Pen and wash is a medium that is always a pleasure to work in and is particularly suited to scenes that have buildings, boats and generally things going on. I chose for my demonstration a view of Burnham Overy Staithe, up on the North Norfolk coast.
At Burnham Overy there is a large building right down by the water, which was obviously a store of some sort in the days when Burnham Overy was a working port. Nowadays it’s mainly used for recreational sailing and the building houses one or two small shops, although their occupancy seems to be rather erratic. Still, it’s a splendid looking structure, particularly with the other buildings of the village in the background and some boats drawn up on the foreshore.
I drew the scene out using one of my permanent ink pens, such as Edding or Faber-Castell. I like to use one with a fairly large nib, about 0.7 but this is purely personal preference. Even an 0.7 fibre nib is actually quite small, so the drawing took about 45 minutes, because in the early stages it’s important to get the size and proportions looking right. When doing the drawing I go straight in with the pen with no preliminary pencil work at all, but that does take a bit of practice before you gain the confidence to do that.
Once I’d done as much pen work as I felt necessary, and had a refreshing cup of coffee, I applied some simple watercolour washes, trying to keep things nice and free to contrast with the fairly tight drawing of the main building. The colours I used were all MaimeriBlu watercolours, and I selected one blue, Ultramarine Light, two reds, Burnt Sienna and Venetian Red, and two yellows, Raw Sienna and Primary Yellow. It didn’t take long to apply the washes, using a number 8 round sable-synthetic brush for the buildings and boats and a couple of fairly large squirrel hair wash brushes for the foreground and sky. When working in pen and wash I often leave the sky until the end of the painting, particularly if I’m working outside on location. Why, because if you paint the sky in first you will have a large area of the painting wet, which can make working awkward. No hairdryers out in the field, although I suppose you could have a gas powered one!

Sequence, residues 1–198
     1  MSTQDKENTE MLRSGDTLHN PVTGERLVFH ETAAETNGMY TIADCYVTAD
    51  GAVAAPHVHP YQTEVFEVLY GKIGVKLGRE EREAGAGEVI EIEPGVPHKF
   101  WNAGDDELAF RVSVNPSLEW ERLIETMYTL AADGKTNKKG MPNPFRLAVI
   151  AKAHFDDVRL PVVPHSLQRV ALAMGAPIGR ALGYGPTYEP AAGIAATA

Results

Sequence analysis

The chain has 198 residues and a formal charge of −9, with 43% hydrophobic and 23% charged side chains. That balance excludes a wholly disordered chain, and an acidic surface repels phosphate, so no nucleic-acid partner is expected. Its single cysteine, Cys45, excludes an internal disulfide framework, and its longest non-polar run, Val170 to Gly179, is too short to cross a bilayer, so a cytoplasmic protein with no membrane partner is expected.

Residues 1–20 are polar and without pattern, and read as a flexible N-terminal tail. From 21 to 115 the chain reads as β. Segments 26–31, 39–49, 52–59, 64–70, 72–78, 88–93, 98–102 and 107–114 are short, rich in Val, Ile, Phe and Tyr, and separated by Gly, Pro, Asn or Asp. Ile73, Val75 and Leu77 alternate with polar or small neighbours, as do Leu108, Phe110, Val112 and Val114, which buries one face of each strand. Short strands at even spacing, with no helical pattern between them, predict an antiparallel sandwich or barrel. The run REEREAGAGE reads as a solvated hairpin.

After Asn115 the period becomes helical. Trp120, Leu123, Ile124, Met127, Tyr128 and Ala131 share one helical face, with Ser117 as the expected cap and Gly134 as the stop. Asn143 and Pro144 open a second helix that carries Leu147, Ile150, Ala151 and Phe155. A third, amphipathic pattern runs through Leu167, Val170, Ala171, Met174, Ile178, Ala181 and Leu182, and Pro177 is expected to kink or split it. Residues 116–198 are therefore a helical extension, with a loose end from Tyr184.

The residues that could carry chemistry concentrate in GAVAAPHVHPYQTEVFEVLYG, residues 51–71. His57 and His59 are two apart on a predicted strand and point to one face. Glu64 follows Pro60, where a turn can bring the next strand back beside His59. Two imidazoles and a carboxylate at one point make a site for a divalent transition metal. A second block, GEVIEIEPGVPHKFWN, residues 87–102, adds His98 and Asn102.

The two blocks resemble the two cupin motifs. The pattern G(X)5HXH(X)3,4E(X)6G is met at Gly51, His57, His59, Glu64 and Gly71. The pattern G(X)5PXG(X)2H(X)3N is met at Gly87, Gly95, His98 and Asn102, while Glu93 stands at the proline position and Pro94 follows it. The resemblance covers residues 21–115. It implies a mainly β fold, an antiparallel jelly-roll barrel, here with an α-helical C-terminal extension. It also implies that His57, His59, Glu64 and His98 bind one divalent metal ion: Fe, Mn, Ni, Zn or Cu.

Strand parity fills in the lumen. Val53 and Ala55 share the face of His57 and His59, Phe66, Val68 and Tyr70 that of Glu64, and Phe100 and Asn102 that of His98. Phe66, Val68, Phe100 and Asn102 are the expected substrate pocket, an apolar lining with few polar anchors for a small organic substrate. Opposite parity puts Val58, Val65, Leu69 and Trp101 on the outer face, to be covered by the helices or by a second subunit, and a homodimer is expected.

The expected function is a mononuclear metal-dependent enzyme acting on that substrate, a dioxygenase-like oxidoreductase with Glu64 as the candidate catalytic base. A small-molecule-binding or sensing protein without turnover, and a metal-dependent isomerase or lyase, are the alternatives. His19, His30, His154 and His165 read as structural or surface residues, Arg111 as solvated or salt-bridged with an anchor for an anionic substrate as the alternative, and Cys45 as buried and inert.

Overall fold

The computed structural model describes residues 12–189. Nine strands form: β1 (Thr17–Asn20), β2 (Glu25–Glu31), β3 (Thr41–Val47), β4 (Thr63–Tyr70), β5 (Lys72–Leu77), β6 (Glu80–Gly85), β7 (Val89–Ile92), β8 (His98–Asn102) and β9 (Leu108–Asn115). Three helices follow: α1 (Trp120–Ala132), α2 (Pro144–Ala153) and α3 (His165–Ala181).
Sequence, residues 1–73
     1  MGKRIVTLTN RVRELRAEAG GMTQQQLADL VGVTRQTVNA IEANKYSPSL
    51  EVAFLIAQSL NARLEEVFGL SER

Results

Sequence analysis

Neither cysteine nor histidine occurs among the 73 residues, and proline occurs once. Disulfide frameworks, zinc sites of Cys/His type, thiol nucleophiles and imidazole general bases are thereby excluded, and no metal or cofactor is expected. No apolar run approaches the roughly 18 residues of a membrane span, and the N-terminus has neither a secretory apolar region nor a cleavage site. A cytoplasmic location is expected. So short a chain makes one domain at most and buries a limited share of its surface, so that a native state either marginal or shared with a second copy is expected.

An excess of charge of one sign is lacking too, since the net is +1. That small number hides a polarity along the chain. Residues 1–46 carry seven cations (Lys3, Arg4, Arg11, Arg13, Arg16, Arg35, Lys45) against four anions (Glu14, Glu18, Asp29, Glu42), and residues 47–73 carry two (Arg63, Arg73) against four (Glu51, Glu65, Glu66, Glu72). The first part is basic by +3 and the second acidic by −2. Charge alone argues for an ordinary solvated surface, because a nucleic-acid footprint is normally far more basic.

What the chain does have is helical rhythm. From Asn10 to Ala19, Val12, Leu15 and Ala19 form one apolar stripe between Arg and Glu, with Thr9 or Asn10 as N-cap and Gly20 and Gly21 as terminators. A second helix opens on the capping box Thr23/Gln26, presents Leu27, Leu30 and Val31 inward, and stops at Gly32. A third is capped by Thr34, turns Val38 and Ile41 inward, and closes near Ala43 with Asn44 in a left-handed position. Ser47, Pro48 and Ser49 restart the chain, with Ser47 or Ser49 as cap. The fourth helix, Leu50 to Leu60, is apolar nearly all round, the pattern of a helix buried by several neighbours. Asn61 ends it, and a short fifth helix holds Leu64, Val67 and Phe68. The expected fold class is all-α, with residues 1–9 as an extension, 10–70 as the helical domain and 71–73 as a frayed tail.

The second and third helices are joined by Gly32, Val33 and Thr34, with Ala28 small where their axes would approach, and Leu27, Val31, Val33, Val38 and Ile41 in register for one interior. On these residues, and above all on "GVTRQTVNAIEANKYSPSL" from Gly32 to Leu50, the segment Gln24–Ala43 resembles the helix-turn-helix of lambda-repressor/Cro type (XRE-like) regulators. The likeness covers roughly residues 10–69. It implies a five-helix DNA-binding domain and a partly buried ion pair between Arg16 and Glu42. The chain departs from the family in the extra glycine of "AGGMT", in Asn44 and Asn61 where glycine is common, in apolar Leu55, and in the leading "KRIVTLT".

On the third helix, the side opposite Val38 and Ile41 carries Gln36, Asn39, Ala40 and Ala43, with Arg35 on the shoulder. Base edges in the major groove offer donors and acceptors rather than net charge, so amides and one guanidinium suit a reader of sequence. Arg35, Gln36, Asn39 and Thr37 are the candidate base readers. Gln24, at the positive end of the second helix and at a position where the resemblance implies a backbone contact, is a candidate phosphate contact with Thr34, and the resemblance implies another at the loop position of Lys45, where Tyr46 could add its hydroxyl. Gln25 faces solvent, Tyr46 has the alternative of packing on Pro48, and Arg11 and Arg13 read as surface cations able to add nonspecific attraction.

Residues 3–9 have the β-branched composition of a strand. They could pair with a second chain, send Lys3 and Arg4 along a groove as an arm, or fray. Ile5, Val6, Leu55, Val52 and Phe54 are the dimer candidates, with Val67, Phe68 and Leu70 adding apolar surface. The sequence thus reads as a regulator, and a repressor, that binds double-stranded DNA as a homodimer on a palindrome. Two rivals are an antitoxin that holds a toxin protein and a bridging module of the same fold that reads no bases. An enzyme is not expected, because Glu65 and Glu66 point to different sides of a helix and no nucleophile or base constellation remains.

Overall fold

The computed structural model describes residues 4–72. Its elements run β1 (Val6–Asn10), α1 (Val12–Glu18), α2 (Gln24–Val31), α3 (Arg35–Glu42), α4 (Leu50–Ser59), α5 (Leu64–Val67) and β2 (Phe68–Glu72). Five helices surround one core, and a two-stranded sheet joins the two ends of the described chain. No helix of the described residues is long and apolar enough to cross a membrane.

The group asked plenty of interesting questions and it was a real pleasure to visit them again, with Margaret and me feeling very welcomed. Thank you Horncastle, see you again in the future I hope.
All painters must go to Venice! It is the one city that, more than any other that I’ve visited, encapsulates the glory of times gone by, but is still a vibrant and exciting place. To arrive at the bus or train station and to see the Grand Canal straight before you sets the watercolour pulse racing!
Margaret and I spent a week in Venice during April and, although I had very little time for sketching, as we were with a group, I did take nearly 300 photographs. On my return to the studio I soon got busy with my brushes and you can see some of the results here.